Why Have A Budget Analysis

    November 18, 2002

Let’s start by defining a “Budget Analysis”. This is simply a breakdown of your budget (income, bills & expenses) showing how much money you have coming in and how much you have going out. It will show how your budget category percentages compare with what is recognized as the ideal percentages. The most important aspect of the Budget Analysis is the recommendations for improvement.

The first part of your analysis will list your income and breakdown your bills and expenses by category. At Budget Stretcher I use only four categories, Housing, Other Bills, Household Expenses, and Savings. The three expense categories allow 30% of your take home for each category with 10% going to savings.

Next, your expenses percentages will be compared to the ideal percentages that will show you what areas of your budget need improvement. The percentages above are simply targets. If you exceed the recommended percentage in one category but you do not exceed 100% of your take home pay for all categories, then you would not normally have a problem.

The recommendations for improvement are based on sound financial practices. There isn’t anything complicated about this, it is pretty much 2+2=4. However, there are some tricks that can be recommended to help make the figures add up a little easier. As an example, if you have say 40% of your income going to the Other Bills category because of credit cards, it may be recommended that you try consolidating your credit cards to lower your payments. This can be done by either a consolidation loan, home equity loan or by using an existing credit card to pay off all of the others.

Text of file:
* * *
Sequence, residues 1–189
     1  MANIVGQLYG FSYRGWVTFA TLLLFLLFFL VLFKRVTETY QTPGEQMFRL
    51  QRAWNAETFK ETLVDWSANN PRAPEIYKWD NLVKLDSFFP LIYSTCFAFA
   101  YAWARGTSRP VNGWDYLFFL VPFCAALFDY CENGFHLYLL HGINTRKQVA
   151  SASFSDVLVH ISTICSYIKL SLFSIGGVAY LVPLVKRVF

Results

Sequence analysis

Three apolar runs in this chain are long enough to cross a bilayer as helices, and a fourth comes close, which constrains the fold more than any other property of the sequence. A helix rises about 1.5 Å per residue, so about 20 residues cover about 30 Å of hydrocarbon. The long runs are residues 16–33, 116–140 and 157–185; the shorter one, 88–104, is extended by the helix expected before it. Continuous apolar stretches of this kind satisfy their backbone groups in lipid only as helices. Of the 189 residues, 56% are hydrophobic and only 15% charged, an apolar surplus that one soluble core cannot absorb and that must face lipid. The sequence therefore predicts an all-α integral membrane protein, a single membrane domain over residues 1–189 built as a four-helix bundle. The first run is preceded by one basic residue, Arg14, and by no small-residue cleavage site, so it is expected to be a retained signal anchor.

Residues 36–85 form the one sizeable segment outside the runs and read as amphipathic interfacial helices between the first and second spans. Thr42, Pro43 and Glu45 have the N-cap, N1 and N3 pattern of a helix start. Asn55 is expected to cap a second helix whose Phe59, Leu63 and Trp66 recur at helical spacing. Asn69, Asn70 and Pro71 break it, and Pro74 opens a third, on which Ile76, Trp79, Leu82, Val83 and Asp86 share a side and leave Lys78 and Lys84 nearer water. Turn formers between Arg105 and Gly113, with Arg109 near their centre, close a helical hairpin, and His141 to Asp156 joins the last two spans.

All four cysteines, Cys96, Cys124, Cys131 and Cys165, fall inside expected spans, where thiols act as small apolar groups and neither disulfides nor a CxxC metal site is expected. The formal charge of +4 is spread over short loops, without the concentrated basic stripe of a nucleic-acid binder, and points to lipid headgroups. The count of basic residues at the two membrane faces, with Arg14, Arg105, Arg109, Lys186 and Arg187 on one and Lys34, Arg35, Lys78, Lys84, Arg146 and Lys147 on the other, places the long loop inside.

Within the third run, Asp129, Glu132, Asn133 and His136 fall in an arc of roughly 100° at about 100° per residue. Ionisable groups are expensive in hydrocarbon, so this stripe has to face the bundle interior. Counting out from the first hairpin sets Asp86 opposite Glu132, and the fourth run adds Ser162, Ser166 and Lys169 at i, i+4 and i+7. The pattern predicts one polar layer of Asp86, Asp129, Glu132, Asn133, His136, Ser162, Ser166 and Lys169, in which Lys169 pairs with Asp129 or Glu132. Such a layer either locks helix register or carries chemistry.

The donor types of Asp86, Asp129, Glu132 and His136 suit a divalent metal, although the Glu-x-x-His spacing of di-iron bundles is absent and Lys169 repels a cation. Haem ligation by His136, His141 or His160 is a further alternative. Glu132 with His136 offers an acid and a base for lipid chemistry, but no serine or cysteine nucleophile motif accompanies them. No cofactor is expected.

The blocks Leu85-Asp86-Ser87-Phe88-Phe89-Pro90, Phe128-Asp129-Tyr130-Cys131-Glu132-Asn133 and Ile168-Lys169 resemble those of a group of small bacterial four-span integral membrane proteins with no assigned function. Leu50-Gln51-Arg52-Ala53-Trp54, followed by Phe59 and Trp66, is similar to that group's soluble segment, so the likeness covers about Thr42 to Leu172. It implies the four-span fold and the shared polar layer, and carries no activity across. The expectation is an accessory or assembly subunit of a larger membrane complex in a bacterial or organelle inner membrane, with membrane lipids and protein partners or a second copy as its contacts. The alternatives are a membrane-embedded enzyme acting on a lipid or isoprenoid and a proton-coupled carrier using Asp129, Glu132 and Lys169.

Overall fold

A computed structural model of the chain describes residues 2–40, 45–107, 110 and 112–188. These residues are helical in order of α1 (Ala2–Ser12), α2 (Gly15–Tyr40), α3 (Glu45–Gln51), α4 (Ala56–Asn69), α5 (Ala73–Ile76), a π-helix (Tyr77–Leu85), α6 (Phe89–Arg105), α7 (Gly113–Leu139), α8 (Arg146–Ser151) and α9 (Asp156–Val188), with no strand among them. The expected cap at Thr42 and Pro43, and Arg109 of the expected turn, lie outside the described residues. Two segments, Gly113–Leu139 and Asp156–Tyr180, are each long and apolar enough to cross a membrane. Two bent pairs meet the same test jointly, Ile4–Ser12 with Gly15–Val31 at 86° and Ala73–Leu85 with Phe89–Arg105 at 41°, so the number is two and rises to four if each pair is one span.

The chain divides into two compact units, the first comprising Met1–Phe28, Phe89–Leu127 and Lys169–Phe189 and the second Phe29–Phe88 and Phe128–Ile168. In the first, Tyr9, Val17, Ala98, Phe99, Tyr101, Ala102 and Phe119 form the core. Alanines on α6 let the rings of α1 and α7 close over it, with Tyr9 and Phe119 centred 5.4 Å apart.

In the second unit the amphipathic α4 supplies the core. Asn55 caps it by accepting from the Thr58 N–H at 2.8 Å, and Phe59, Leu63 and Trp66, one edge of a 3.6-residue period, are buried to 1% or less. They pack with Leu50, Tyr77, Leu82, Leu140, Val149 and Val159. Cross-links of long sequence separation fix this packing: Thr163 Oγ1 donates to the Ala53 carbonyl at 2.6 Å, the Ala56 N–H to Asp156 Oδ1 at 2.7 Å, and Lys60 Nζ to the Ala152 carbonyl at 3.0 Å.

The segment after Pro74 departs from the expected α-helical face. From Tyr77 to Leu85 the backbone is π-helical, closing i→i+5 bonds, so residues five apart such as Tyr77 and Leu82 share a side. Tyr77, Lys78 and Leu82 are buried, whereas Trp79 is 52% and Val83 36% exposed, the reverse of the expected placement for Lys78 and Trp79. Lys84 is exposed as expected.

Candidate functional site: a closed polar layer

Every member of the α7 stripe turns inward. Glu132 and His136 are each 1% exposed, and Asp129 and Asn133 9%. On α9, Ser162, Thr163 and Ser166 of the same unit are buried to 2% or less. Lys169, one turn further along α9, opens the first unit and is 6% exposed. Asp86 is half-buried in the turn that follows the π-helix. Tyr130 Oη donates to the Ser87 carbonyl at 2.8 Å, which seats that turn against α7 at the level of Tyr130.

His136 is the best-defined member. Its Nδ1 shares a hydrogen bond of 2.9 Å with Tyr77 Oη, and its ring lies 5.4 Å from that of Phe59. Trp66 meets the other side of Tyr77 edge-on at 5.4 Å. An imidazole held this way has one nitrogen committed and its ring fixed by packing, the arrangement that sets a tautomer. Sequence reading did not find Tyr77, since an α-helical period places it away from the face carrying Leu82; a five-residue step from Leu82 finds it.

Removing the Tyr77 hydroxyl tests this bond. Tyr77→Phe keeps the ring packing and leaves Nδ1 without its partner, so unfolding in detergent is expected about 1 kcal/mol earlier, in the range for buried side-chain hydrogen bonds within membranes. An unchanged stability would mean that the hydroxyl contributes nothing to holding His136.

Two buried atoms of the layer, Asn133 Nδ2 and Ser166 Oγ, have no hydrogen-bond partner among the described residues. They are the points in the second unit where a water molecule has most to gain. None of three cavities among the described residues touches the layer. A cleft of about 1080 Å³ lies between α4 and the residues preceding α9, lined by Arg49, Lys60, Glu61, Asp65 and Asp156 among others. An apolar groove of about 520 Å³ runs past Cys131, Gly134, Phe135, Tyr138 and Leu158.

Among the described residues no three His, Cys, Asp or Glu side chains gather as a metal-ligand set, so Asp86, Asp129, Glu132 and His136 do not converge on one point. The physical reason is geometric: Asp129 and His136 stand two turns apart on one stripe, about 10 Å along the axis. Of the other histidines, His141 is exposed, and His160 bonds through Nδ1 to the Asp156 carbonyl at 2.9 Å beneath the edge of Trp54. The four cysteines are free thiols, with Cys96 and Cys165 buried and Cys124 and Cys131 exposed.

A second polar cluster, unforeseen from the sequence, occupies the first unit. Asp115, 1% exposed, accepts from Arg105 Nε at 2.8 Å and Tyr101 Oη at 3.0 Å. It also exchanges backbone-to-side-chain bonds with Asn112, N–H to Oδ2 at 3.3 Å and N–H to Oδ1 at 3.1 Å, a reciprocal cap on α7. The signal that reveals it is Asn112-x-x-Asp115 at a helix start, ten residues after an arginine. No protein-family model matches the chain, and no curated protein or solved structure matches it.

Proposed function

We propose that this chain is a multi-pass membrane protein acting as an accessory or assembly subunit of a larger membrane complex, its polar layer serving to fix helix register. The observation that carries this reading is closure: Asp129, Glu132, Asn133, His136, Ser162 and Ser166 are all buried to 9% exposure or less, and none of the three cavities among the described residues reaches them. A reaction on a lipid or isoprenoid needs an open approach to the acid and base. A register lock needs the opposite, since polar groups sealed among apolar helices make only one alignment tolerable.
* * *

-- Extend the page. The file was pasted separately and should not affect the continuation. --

I would recommend a Budget Analysis for anyone that is having problems with paying their bills or anyone that consistently pays their bills late. Also, if you have problems organizing your bills or would like to reduce your debt, a budget analysis may be helpful.

The next step is follow-up. No matter how thorough your budget analysis, you are going to have questions along the way. It is important that whoever is doing your budget analysis are available to answer these questions for as long as you need the help.

A Budget Analysis is not the answer to all of your problems. It is going to take time, organization and discipline to get your finances in order but it can point you in the right direction.

Terry Rigg is the author of Living Within Your Means – The Easy
Way http://www.homemoneyhelp.com/ebookadpage.html and editor
of The FREE Budget Stretcher Newsletter and Budget Stretcher
web site http://www.homemoneyhelp.com. He has 25 years of
experience counseling individuals and families concerning their
personal finances.